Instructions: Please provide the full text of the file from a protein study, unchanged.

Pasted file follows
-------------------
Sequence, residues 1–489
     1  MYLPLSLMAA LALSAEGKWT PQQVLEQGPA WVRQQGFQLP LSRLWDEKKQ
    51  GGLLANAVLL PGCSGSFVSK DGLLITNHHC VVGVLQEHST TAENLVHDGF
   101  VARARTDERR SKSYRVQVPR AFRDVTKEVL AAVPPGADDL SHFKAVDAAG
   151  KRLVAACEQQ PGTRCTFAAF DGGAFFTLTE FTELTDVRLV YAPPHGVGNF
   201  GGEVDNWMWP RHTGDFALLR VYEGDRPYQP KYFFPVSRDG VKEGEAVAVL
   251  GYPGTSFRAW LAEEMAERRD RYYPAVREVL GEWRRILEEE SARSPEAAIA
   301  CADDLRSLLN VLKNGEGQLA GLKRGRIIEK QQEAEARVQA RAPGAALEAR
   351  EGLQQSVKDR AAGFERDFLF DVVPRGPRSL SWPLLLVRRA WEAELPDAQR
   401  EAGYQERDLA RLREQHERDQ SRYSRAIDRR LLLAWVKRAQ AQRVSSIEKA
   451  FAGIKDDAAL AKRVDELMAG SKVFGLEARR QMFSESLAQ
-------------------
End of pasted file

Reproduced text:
Sequence, residues 1–489
     1  MYLPLSLMAA LALSAEGKWT PQQVLEQGPA WVRQQGFQLP LSRLWDEKKQ
    51  GGLLANAVLL PGCSGSFVSK DGLLITNHHC VVGVLQEHST TAENLVHDGF
   101  VARARTDERR SKSYRVQVPR AFRDVTKEVL AAVPPGADDL SHFKAVDAAG
   151  KRLVAACEQQ PGTRCTFAAF DGGAFFTLTE FTELTDVRLV YAPPHGVGNF
   201  GGEVDNWMWP RHTGDFALLR VYEGDRPYQP KYFFPVSRDG VKEGEAVAVL
   251  GYPGTSFRAW LAEEMAERRD RYYPAVREVL GEWRRILEEE SARSPEAAIA
   301  CADDLRSLLN VLKNGEGQLA GLKRGRIIEK QQEAEARVQA RAPGAALEAR
   351  EGLQQSVKDR AAGFERDFLF DVVPRGPRSL SWPLLLVRRA WEAELPDAQR
   401  EAGYQERDLA RLREQHERDQ SRYSRAIDRR LLLAWVKRAQ AQRVSSIEKA
   451  FAGIKDDAAL AKRVDELMAG SKVFGLEARR QMFSESLAQ